Sheets of newspaper cover a portion of the floor of our house in Manila, and on top of those thin pieces of paper sits a white candle, a box of matches, a metal spoon, and a metal basin filled with water. The doors are locked. We’re huddled around the basin, and the room plunges into silence. Rest assured, this is not some scene from a B-rated supernatural horror movie. This is just what happens whenever anyone in my family gets sick. We call an albularyo—Tagalog for witch doctor or folk healer—to come and conduct either tawas or hilot depending on the degree of illness. All my life, I’ve never really understood nor tried to understand why my mom rarely sends us for check-ups, opting instead for tawas, hilot, and the occasional pharmaceutical drugs we self-medicate ourselves with. That is, until I took an Introduction to Anthropology course, where I encountered the term “structural violence” and the whole world of medical anthropology.
“Whatever your eye can see, it's vecik.” This line resonated with me while I was conducting my fieldwork in Taiwan with the indigenous Paiwan village known as Paridrayan. Good friend and prolific artist, Etan Pavavaljung, once mentioned to me this Paiwan concept known as vecik. The concept, briefly speaking, implies an interconnectedness that links all tangible things with each other. From humans, rocks, and trees to winds and words, they are connected to each other through vecik...“However,” he added, “something like poetry can be vecik.”. He continued, “let’s take for example, a village elder reciting a poem about his childhood. He recites verses about his flower garden from his childhood home as well as reminiscing his childhood days. These words become vecik.”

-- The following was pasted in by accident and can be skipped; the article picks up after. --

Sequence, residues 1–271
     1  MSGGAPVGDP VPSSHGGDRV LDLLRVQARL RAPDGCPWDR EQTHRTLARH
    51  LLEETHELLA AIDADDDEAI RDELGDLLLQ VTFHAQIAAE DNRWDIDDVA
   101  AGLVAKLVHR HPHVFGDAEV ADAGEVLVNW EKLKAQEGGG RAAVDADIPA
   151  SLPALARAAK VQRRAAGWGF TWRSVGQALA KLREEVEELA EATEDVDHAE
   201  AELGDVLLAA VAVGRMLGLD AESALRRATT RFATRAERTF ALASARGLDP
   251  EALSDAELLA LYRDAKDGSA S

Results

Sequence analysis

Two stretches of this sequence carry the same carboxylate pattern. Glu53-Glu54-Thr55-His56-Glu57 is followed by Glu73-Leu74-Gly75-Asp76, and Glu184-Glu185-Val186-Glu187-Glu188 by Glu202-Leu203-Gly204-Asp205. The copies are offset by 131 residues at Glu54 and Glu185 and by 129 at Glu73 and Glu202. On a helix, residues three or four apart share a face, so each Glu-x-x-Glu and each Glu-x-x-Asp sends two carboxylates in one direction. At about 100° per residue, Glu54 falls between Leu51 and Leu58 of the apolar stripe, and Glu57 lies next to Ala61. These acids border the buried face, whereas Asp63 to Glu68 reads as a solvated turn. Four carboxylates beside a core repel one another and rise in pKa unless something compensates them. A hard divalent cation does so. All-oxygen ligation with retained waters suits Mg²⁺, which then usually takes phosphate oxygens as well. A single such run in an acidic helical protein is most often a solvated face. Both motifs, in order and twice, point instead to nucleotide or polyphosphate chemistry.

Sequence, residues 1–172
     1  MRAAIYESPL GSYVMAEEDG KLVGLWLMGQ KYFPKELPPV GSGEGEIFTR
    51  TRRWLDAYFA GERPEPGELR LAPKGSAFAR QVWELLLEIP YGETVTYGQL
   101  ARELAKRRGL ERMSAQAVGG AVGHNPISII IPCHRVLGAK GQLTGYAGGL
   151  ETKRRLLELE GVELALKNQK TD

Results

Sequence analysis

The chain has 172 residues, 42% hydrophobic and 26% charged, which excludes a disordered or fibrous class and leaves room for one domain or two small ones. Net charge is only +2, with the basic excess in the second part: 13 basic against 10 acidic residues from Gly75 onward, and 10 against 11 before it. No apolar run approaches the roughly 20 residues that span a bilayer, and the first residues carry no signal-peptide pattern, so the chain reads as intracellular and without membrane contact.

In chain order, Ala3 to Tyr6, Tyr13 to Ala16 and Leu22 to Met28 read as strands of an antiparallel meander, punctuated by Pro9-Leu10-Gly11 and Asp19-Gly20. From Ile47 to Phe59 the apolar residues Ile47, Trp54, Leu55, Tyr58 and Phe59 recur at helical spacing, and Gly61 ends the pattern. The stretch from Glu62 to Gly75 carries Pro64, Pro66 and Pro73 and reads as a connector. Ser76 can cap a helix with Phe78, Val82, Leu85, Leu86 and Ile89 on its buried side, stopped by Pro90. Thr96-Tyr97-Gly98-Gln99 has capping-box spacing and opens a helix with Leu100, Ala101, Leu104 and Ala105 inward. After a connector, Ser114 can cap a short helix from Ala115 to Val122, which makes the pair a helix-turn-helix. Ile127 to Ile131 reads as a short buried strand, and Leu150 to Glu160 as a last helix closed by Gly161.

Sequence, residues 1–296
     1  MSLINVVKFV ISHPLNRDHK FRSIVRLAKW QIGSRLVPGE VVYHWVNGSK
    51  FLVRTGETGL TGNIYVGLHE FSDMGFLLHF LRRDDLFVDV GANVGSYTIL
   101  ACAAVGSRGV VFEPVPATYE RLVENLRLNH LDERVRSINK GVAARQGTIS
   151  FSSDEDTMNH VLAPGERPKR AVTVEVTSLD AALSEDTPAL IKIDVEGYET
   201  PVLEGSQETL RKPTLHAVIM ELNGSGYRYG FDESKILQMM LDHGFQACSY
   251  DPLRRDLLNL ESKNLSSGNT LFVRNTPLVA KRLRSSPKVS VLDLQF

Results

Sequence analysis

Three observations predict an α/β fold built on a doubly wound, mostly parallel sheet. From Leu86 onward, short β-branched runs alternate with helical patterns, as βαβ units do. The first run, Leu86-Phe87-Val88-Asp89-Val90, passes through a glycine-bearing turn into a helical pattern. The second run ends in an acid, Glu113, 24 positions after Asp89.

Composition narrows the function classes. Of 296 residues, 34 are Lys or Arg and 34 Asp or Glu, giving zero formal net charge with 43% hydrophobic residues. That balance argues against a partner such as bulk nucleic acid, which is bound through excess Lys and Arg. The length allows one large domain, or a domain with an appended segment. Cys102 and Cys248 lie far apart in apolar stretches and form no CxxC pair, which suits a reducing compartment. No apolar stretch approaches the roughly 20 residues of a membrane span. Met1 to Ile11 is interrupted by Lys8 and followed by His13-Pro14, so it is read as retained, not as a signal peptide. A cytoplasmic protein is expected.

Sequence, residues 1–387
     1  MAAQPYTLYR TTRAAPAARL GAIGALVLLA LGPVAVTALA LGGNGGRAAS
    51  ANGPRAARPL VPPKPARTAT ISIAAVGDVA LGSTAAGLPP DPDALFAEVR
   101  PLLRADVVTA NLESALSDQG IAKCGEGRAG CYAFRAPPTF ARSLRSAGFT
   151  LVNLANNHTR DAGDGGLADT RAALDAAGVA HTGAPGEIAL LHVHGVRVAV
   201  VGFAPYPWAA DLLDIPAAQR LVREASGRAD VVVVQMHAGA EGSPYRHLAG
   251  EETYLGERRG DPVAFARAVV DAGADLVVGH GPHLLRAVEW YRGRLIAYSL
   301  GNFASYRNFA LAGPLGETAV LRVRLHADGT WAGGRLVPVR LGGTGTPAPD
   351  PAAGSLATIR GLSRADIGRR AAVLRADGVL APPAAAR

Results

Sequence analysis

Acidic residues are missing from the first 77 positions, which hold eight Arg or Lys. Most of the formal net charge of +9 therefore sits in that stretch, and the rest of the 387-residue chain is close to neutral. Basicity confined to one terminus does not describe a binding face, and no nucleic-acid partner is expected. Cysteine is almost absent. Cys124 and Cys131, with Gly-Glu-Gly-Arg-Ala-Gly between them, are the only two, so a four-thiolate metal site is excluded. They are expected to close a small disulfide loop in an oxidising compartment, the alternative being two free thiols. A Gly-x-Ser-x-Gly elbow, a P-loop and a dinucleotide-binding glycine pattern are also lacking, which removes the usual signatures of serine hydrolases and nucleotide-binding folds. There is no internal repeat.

What would it mean to be no longer ‘in country’ in Australia? How would the legacies of British colonialism, and the attempted extirpation and survival of Australia’s indigenous peoples, be refracted in the experience of living in a new country with a very different colonial past?
“A lot of what individual white anti-racists, as I called them, but also the broader policy frameworks are struggling with is the question of how do we enact Indigenous equality; how do we make the lines on the graphs that we draw of Indigenous versus non-Indigenous; how do we make those lines converge and ‘close the gap’, while maintaining Indigenous difference?”